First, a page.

Finally, shouldn’t we gather, and permit public analysis of the general solicitation materials? These advertising materials could be used to find problems in particular offerings, better understand our markets, look for trends and best practices, and inform our policy choices.

Let’s try to get it right now, but let’s also make sure we collect enough information and data to continue to evaluate how it’s going, and improve it over time. Investors, issuers, regulators, and others will be watching closely as we put in place simple, basic protections under Rule 506. We must not let them down. I look forward to hearing your thoughts on all of these issues.

The Commission has another great opportunity in its rulemaking for crowdfunding. Crowdfunding holds the promise of harnessing the power of the internet to provide capital for start-ups and small businesses that otherwise lack access to such capital. But with that opportunity also comes risk. Ordinary people, like a teacher in Iowa, or a retiree in Tampa, may not be equipped to assess the risks of an investment offer coming via the internet. We all need to make sure that crowdfunding isn’t turned into a new, cyber-version of boiler rooms. Investing in start-ups is a risky business. And potential crowdfunding investors should know that the risks include not just whether the company is successful, but also whether the company will dilute or otherwise devalue their investment as the company moves forward.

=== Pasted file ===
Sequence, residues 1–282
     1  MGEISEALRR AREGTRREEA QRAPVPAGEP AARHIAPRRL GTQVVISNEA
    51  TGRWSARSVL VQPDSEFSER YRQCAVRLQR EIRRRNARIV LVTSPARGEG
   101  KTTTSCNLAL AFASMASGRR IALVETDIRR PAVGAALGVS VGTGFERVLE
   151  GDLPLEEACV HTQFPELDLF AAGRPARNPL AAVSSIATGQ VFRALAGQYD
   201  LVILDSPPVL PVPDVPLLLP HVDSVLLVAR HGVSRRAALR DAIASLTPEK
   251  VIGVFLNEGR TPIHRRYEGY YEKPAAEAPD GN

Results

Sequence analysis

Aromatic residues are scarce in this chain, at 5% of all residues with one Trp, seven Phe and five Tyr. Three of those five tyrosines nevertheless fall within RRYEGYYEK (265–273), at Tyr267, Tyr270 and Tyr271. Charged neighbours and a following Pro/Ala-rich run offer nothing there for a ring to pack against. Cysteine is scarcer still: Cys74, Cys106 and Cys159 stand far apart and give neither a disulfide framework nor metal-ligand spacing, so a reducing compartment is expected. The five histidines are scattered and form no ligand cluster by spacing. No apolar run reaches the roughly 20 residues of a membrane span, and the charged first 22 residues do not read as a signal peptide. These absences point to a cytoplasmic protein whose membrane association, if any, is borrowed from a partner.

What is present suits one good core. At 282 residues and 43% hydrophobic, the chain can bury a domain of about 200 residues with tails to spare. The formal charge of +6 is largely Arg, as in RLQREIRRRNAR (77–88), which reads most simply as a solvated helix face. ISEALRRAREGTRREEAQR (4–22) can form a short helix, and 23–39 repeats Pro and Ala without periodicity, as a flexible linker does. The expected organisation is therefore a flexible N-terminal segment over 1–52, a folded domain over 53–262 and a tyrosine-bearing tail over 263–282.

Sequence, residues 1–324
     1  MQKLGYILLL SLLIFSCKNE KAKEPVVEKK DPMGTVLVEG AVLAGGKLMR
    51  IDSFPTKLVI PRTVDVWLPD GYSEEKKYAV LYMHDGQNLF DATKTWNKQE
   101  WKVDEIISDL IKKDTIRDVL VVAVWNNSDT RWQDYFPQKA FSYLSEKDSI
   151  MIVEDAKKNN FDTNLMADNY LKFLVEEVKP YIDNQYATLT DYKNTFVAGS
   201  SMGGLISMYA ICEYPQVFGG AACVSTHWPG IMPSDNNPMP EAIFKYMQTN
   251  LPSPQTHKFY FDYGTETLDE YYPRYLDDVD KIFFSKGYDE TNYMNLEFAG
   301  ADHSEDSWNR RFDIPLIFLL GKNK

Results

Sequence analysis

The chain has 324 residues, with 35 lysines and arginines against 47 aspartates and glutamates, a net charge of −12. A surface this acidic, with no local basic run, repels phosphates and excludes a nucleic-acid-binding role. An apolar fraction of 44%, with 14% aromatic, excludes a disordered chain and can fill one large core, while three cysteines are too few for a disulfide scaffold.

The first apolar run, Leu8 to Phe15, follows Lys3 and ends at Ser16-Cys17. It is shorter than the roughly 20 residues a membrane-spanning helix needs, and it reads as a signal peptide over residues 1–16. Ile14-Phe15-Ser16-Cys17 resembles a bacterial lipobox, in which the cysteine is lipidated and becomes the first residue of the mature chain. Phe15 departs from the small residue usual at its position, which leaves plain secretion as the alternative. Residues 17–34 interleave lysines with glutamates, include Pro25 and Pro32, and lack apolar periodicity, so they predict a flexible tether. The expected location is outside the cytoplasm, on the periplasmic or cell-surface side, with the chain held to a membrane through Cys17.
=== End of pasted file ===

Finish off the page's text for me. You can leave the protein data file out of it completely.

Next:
Reasonable investor caps, based on an investor’s ability to bear the risk, are also critical. We must carefully consider how to calculate these caps and how to ensure that they are enforced. We also must carefully consider the role of crowdfunding portals and our ability to properly oversee them. They can provide a critically important gatekeeping function. Finally, we must ensure that these small issuers have the information and tools they need to cost effectively meet their recordkeeping and disclosure obligations. If we are mindful of the needs, costs and burdens amongst these three groups -- investors, portals and issuers -- and balance them carefully, we will have a better chance of making this new capital raising vehicle a success.